If you think worries about cyber security in the cloud are dissipating as cloud services continue to proliferate, you’re mistaken. IT and security executives remain quite concerned about threats—maybe even more so than in the past.
A report released by research firm Gartner Inc. in August 2018 said cloud computing ranks as the top risk concern for executives in risk, audit, finance, and compliance. A number of new risks, including cyber security disclosure and compliance with the new General Data Protection Regulation (GDPR), make cloud offerings susceptible to unexpected security threats, the report noted.
For Gartner’s latest quarterly Emerging Risks Report, 110 senior executives at large global organizations identified cloud computing as the top concern for the second consecutive quarter. Additional information security risks, such as cyber security disclosure and GDPR compliance, ranked among the top five concerns of the executives surveyed.
Social engineering and GDPR compliance were cited as most likely to cause the greatest enterprise damage if not adequately addressed by risk management leaders, according to the report.
Executives should expect cyber security threats to affect organizations in unpredictable ways, Gartner said. Through 2022, at least 95% of cloud security failures will be the fault of the organization, it said. As more sophisticated tactics such as social engineering are deployed to compromise sensitive data, organizations should expand their cyber security teams to address evolving digital risks.
Organizations are correct to expand cloud services as part of their digital business initiatives, noted Matthew Shinkman, practice leader at Gartner. But they need to ensure their cloud security strategy keeps up with this growth. Leaders need to start by clearly identifying their most at-risk areas, he said.
In another, detailed report released earlier this year, Crowd Research Partners noted that there is a lack of qualified security staff that’s becoming worse even as cloud security concerns rise.
The 2018 Cloud Security Report is based on a comprehensive online survey of cyber security professionals in the 400,000-member Information Security Community on LinkedIn.
While adoption of cloud computing continues to surge, the report said, security concerns are showing no signs of abating. Reversing a multi-year downward trend, nine out of 10 cyber security professionals said they are concerned about cloud security, up 11% from the previous year’s cloud security survey.
The top three cloud security challenges include protecting against data loss and leakage (cited by 67%), threats to data privacy (61%), and breaches of confidentiality (53%).
Misconfiguration of cloud platforms was the number one threat to cloud security, mentioned by 62% of the survey respondents. That was followed by unauthorized access through misuse of employee credentials and improper access controls (55%), and insecure interfaces/APIs (50%).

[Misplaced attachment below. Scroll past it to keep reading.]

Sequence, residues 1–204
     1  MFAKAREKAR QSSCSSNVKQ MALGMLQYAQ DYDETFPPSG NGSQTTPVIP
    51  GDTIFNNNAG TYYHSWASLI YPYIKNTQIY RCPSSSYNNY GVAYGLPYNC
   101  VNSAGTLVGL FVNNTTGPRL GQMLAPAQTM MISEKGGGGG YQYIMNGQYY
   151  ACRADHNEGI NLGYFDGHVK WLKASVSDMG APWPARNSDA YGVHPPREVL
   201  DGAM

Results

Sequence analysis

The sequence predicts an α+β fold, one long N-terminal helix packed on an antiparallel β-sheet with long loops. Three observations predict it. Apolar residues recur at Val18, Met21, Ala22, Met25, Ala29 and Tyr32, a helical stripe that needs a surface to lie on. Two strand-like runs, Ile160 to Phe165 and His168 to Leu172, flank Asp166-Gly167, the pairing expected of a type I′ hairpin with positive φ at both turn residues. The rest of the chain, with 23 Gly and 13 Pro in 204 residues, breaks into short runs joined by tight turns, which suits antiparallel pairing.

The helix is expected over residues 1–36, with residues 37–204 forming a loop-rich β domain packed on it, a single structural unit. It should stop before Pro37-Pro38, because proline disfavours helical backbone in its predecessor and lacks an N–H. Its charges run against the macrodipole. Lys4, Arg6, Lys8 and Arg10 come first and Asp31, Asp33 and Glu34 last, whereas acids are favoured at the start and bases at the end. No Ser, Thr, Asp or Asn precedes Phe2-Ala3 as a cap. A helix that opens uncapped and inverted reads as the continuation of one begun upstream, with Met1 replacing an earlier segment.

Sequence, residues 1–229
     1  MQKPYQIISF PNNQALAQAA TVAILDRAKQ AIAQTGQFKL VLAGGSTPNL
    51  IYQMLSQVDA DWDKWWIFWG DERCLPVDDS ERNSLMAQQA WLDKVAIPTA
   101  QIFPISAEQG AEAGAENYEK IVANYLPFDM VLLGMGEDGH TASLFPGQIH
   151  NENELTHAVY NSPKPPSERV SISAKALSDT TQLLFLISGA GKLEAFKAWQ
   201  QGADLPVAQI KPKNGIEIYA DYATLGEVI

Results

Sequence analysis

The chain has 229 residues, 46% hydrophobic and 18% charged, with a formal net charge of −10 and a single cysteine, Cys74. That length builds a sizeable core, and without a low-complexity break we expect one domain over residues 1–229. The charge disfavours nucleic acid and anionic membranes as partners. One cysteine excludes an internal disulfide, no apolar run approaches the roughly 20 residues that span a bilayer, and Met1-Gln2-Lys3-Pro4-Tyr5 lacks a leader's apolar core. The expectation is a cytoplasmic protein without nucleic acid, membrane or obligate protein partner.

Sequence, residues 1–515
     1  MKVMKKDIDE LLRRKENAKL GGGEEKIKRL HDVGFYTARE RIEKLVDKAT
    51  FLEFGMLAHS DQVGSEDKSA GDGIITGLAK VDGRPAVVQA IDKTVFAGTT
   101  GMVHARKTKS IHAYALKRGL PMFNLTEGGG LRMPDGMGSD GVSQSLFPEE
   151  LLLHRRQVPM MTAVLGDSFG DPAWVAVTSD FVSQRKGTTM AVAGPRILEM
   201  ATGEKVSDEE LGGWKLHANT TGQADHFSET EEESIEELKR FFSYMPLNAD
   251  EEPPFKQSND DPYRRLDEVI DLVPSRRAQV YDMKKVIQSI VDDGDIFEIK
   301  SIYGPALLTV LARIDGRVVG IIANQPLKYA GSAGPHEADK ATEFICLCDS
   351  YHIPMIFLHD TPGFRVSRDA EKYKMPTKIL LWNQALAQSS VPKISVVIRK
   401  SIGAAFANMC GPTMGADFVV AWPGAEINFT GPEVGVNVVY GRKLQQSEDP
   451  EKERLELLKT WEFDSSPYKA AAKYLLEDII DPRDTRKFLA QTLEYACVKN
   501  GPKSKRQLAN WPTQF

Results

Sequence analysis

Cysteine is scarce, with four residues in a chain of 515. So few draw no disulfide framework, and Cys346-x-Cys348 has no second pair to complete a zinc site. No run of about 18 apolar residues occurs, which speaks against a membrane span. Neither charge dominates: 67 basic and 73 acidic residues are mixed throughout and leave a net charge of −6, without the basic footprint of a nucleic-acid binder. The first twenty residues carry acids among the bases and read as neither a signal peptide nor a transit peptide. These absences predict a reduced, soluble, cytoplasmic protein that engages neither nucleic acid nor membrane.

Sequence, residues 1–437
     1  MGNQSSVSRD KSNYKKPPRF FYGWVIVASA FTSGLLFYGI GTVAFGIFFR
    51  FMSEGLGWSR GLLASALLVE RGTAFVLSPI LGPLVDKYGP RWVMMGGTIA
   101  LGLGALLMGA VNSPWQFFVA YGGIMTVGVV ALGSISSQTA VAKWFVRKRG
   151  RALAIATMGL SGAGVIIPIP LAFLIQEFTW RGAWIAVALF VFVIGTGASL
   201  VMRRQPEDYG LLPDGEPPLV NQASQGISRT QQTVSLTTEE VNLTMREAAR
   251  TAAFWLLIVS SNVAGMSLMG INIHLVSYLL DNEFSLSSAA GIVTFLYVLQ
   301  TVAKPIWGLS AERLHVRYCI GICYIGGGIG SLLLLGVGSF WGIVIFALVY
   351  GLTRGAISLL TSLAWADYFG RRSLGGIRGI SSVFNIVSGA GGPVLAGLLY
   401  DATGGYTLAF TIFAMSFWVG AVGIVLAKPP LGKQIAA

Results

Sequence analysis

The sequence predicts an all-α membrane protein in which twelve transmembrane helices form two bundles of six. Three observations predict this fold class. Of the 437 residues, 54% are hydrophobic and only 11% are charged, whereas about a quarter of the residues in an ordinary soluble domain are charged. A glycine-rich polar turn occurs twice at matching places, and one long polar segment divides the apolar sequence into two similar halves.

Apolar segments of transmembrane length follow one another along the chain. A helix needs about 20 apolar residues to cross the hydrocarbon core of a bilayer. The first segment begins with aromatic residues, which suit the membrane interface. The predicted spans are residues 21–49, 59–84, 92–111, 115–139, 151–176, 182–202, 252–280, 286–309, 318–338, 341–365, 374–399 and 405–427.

As more workloads move to the cloud, cyber security professionals are increasingly realizing the complications of protecting these workloads, the report said. The top three security control challenges security operations centers (SOCs) are struggling with are visibility into infrastructure security (43%), compliance (38%), and setting consistent security policies across cloud and on-premises environments (35%).
Only 16% of organizations said the capabilities of traditional security tools are sufficient to manage security across the cloud, a 6% decrease from the previous survey. A large majority (84%) said traditional security solutions either don’t work at all in cloud environments or have only limited functionality.
Cyber security professionals are struggling with gaining visibility into cloud infrastructure security (43%), compliance (38%), and setting consistent security policies across cloud and on-premises environments (35%).
For the second straight year, training and certification of current IT staff (56%) ranked as the most popular path to meet evolving security needs. Half of the respondents use their cloud provider’s security tools, and 35% deploy third-party security software to ensure the proper cloud security controls are implemented.
Encryption of data at rest (64%) and data in motion (54%) topped the list of the most effective cloud security technologies, followed by security information and event management (SIEM) platforms (52%).
At least organizations are spending more on cloud security. According to the survey, nearly half of the organizations (49%) expect cloud security budgets to increase, with a median budget increase of 22%.
“While workloads continue to move into the cloud, the study reveals that cloud security concerns are on the rise again, reversing a multi-year trend,” noted Holger Schulze, CEO of Cybersecurity Insiders and founder of the 400,000-member Information Security Community on LinkedIn. “With half of organizations predicting a rise in cloud security budgets, protecting today’s cloud environments [requires] more and better trained security professionals and innovative, cloud-native security solutions to address the concerns of unauthorized access, data and privacy loss, and compliance in the cloud.”